Some systems such as oxygen/hydrogen fuelcell requires humidified air to be efficient, water is often heated to allow faster evaporation and cooling the air is not important. Ice water has greater cooling properties than hot water provided the droplet size is the same.

I think all contributors on this thread are correct in its own right but unfortunately not all were discussing the same topics. I think this discussion is getting too detailed and require more concise and careful reading into the poster's statement before posting comments.
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  #29  
Old 12-12-2004, 08:21 PM
hotrod hotrod is offline
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Default real numbers

Leaving aside all the other issues lets look at the real world numbers.
people sometimes forget just how small milligrams/liter is.

Assuming you are achieving the 80 milligram / liter of disolved oxygen mentioned in that paper (which is the upper limit claimed).

You have a 400 hp engine, and you run the 1/4 mile in 13 seconds flat. You are injecting pure superoxygenated water at a rate of 500 cc/min.

Your engine will process a maximum of 42 lbs/min of air as it moves down the 1/4 mile. In the 13 seconds of the run that comes out to 42 x .02316 = 9.7272 lb O2, or 4416.1488 grams of O2.

===============
Correction in the above I forgot to reduce the air flow to the fraction consumed in 13 seconds as stated. Formula should have been:


42 lb air / min x .02316 lb O2/lb air = 9.7272 lb O2/min. 13 seconds of consumtion at this rate equals ( 13/60 ) x 9.7272 lb O2/ min = 2.10756 lb O2/ run , or 956.83224 grams of O2.

======================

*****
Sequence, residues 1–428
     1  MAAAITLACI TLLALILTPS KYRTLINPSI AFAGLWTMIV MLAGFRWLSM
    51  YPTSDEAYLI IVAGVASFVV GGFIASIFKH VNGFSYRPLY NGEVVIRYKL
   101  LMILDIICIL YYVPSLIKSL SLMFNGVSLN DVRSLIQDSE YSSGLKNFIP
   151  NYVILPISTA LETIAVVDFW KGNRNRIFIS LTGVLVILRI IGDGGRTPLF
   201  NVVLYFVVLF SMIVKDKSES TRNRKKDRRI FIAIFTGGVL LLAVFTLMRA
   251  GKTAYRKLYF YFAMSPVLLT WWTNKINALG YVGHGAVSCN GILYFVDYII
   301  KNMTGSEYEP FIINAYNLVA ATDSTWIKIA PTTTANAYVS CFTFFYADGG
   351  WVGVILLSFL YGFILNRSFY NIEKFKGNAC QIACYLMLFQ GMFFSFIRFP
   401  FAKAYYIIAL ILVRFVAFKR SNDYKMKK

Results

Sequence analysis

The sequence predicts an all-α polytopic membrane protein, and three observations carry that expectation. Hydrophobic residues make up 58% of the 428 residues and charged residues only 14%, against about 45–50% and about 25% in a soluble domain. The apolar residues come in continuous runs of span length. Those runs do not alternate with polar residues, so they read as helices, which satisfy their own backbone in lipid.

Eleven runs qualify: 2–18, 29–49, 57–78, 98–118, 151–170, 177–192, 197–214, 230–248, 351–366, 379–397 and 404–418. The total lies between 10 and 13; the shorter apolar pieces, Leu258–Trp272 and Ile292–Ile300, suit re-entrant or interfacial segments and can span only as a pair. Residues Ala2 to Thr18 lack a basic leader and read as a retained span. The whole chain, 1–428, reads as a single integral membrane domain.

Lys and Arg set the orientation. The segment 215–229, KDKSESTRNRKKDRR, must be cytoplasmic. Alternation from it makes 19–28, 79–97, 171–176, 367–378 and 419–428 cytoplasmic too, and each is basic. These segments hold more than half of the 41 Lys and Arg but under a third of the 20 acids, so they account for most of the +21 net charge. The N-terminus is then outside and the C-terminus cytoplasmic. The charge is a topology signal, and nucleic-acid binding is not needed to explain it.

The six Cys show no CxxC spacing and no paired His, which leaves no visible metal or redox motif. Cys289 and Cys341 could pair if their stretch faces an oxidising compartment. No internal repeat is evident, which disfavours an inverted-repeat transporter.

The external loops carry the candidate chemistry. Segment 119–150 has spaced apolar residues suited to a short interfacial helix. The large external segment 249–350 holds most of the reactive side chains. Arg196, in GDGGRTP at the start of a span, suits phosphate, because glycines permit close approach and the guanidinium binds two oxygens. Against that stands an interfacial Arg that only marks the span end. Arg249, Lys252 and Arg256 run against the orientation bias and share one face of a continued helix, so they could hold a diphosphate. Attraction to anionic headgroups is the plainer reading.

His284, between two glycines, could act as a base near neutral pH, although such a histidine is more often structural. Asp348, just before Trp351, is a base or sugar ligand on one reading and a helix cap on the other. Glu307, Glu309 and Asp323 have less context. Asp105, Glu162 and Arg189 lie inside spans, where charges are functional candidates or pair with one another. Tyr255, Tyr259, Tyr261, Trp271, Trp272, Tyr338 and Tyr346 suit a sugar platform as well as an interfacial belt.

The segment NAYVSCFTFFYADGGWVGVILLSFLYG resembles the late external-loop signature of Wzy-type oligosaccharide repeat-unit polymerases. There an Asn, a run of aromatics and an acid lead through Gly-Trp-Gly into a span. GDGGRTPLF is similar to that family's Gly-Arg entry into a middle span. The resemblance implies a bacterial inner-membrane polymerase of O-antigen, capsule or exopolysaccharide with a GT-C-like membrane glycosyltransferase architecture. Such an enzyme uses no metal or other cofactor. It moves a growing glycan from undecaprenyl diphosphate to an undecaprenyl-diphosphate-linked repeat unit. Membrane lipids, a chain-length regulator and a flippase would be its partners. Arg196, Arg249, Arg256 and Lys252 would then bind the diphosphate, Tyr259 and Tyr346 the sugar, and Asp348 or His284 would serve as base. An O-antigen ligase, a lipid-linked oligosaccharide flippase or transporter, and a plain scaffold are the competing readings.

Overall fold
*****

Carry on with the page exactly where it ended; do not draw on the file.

Meanwhile your WI is injecting 500 cc of water / min or 108.33 cc of water. This equals 0.10833 Liters, at 80 mg/liter you have added 8.666 mg of additional oxygen to the 4416.1488 that is in the air.

======================
Correction the above should read

Meanwhile your WI is injecting 500 cc of water / min or 108.33 cc of water. This equals 0.10833 Liters, at 80 mg/liter you have added 8.666 mg of additional oxygen to the 956.83224 that is in the air.



You have increased the engines oxygen intake by 0.0001962 %.

============
The above should read:


(956.83224 + .008666)/956.83224 = 956.840906/956.83224 = 1.000009057 or 0.000957 %

You have increased the engines oxygen intake by 0.000957 %.

400 hp x .000009057 = 0.003622788 hp


===============

Since one cubic foot of air holds about 0.016212 lb of O2, or 0.000009382 lb/ cubic inch or .0042594 gm of O2 per cubic inch, your additional .008666 gram of dissolved O2 is approximately equal to the oxygen contained in one half of a cubic inch of air.

===============

The above should be corrected to:

Since one cubic foot of air holds about 0.016212 lb of O2, or 7.360248 gm / cubic ft or 0.004259403 gm/ cubic inch , your additional .008666 gram of dissolved O2 is approximately equal to the oxygen contained in 2.03 cubic inches of air.

================

And that is a best case scenario.


I think I'll just stick with plain cold water and not worry about dissolved oxygen content.